Available online at www.sciencedirect.com
Computers & Education 51 (2008) 109–128 www.elsevier.com/locate/compedu
The inﬂuence of students and teachers characteristics on the eﬃcacy of face-to-face and computer supported collaborative learning Andrea Solimeno
, Minou Ella Mebane b, Manuela Tomai a, Donata Francescato a
` University of Roma La Sapienza, Facolta di Psicologia 1, Via dei Marsi 78, 00185 Roma, Italy ` University of Roma La Sapienza, Facolta di Psicologia 2, Via dei Marsi 78, 00185 Roma, Italy
Received 21 December 2006; received in revised form 21 March 2007; accepted 22 April 2007
Abstract In this paper we compared the eﬃcacy of face-to-face and computer supported collaborative learning (CSCL) in increasing academic knowledge and professional competences. We also explored how students’ personality characteristics and learning strategies and teachers’ characteristics were associated with better learning outcomes in online or face-to-face contexts. One hundred and seventy students participated in 10 community psychology seminars, ﬁve online and ﬁve faceto-face. Academic and professional learning increased for participants in both settings. Tutors’ characteristics did not inﬂuence students’ learning. Students who performed better in online and in face-to-face contexts diﬀered in some psychological variables and in their learning strategies. Overall results show that asynchronous collaborative learning online can increase professional competences normally learnt only in small face-to-face educational settings, and that CSCL can be used to provide innovative educational opportunities that ﬁt particular needs of students with low anxiety, high problem solving eﬃcacy, who have time management problems in their learning strategies. Ó 2007 Elsevier Ltd. All rights reserved. Keywords: Cooperative/collaborative learning; Evaluation methodologies; Teaching/learning strategies; Personality traits; Asynchronous communication
1. Introduction Up until the late 1980s most experiments on computer-supported education of the ﬁrst and second generation were based on a solo-learner model, and the opportunities to individualize learning processes were supposed to be the crucial feature of computer-aided instruction. Instead, more recently Computer Supported Collaborative Learning (CSCL) has attracted the attention of experts of diﬀerent disciplines because it enables *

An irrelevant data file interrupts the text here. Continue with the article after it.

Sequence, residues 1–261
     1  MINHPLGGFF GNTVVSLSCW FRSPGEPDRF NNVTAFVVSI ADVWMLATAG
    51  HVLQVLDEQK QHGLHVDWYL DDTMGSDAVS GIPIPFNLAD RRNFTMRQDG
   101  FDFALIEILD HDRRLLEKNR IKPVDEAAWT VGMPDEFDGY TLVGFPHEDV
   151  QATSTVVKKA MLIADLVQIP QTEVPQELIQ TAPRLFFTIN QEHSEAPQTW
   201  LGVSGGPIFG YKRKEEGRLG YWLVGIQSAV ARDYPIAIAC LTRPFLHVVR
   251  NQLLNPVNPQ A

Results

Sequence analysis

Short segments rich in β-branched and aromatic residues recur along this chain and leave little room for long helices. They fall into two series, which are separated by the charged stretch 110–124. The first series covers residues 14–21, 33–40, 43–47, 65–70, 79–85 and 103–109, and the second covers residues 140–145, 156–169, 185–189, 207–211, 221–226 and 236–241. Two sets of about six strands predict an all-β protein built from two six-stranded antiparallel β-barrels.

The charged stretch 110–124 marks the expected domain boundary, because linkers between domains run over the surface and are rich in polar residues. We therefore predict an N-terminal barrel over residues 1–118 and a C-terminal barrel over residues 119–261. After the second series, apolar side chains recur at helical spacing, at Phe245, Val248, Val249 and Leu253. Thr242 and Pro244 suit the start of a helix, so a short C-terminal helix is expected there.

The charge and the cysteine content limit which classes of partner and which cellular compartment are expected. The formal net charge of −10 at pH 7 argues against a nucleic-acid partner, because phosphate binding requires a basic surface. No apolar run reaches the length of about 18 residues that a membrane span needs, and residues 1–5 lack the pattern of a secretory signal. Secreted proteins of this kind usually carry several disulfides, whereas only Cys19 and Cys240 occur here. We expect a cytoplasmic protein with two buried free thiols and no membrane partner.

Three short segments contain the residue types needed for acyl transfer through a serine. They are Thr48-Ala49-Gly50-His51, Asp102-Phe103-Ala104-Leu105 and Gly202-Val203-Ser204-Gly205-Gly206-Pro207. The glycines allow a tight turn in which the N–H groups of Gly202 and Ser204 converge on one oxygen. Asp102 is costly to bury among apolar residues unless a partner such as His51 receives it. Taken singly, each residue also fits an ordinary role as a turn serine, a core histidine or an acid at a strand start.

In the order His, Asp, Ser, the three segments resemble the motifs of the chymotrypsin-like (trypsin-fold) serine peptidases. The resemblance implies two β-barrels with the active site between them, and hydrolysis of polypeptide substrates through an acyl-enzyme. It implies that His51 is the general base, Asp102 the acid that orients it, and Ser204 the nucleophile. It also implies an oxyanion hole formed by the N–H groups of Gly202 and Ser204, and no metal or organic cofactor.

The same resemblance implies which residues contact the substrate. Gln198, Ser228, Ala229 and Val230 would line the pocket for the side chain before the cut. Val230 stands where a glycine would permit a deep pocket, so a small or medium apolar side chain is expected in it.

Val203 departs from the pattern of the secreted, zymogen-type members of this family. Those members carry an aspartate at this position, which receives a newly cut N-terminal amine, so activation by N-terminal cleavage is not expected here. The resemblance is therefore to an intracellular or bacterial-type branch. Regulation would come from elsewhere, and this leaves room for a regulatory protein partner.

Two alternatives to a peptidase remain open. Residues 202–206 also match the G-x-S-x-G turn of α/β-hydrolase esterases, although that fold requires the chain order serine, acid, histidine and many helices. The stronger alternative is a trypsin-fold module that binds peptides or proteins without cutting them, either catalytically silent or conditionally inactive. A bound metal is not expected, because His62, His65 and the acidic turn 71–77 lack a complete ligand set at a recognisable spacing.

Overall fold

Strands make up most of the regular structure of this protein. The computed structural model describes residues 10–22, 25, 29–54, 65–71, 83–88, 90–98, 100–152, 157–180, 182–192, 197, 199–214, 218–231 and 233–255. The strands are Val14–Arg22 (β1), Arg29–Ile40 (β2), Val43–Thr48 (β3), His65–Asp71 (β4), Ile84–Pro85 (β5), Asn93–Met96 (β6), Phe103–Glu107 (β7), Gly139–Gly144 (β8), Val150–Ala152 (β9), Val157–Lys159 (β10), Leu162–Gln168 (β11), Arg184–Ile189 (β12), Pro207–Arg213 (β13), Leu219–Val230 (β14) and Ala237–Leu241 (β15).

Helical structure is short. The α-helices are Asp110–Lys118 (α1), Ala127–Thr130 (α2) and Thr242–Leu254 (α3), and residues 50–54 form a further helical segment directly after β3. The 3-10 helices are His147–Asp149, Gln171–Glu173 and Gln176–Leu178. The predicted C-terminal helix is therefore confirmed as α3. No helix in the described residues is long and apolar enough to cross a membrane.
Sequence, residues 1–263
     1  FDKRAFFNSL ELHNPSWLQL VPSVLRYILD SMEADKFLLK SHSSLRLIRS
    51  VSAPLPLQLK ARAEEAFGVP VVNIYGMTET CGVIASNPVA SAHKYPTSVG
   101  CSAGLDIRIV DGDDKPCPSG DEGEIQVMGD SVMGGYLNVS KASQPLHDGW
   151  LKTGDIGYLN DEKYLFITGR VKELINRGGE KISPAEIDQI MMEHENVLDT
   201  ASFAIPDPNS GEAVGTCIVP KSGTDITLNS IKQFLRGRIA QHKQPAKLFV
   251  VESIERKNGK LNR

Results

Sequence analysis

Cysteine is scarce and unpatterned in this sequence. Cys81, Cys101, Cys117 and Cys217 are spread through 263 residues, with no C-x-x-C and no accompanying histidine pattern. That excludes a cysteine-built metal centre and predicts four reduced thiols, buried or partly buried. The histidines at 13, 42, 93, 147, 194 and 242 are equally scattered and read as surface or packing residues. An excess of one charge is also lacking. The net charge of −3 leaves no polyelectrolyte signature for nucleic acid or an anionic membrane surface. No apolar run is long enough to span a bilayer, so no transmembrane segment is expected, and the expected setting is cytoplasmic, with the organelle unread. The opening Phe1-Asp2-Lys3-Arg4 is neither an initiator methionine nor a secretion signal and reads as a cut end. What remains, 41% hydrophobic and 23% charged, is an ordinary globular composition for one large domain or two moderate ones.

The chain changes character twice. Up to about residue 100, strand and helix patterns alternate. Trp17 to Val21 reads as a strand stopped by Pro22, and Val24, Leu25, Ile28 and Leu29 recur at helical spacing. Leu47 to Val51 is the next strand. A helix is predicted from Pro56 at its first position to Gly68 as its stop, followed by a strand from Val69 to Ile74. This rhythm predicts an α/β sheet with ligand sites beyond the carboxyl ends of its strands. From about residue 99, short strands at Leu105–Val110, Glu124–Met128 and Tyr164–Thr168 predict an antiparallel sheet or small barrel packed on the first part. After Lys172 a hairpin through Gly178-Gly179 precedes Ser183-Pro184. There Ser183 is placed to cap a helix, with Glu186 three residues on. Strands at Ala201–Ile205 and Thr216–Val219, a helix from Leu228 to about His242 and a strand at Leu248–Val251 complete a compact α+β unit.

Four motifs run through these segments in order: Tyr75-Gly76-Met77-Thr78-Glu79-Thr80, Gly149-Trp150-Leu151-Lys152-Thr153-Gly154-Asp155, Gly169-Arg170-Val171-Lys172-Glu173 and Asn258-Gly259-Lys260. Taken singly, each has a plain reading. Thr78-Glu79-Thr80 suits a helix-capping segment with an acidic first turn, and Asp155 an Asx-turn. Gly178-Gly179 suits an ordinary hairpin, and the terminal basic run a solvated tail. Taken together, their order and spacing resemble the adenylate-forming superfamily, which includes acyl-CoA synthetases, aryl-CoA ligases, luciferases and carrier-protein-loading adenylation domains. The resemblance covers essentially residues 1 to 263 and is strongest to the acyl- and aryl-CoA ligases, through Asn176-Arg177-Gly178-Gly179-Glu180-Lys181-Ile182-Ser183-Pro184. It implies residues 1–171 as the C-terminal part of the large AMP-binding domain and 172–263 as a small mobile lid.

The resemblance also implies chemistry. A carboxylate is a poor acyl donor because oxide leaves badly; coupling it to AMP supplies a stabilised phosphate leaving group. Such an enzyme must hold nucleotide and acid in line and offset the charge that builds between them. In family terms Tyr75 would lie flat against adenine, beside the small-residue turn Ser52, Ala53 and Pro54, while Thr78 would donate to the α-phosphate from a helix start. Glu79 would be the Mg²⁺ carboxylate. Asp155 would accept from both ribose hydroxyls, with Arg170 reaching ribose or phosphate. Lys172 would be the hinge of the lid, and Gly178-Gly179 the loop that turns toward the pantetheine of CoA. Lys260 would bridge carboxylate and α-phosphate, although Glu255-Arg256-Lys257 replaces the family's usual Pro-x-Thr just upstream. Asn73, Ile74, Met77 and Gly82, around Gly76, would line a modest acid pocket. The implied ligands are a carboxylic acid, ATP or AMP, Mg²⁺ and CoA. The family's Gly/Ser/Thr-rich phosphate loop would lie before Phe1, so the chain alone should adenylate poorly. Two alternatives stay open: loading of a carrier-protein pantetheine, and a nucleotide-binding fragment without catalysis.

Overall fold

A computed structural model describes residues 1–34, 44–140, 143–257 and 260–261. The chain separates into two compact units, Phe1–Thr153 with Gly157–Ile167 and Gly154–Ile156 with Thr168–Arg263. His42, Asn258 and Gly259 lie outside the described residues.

Corresponding author. Tel.: +39 06 49917554; fax: +39 06 68806927. E-mail address: firstname.lastname@example.org (A. Solimeno).
0360-1315/$ - see front matter Ó 2007 Elsevier Ltd. All rights reserved. doi:10.1016/j.compedu.2007.04.003
A. Solimeno et al. / Computers & Education 51 (2008) 109–128
both independent as well as group learning. CSCL is based on the contributions of cooperative and constructivist learning theories, which focus on social interdependence and maintain that students consolidate their learning also by teaching one another (Alavi, 1994; Benbunan-Fich & Hiltz, 1999; Harasim, 1990; Hass, 1996; Hiltz, 1994; Johnson & Johnson, 1989; Olson, 1994; Ragan, 1996; Trending, 1997). The application of cooperative and constructivist models online was made possible by the new technologies oﬀered by software platforms, which include multiple communication modalities that can facilitate social interaction between teacher and students, and among students (Anderson, Rourke, Archer, & Garrison, 2001; Aviv, 2000; Garrison, Anderson, & Archer, 2000; Kanuka, 2002; Katz, 2002; Molinari, 2004; Moore, 1991; Rourke, Anderson, Garrison, & Archer, 1999). Computer technologies have been conﬁgured to facilitate both collaborative learning (Ligorio, 2001) and collaborative argumentation (de Vries, Lund, & Baker, 2002), as well as a variety of other knowledge-building methods that emphasize collaboration (Scardamalia & Bereiter, 1996). E-Learning has been described as the use of electronic technology to deliver, support and...
Please join StudyMode to read the full document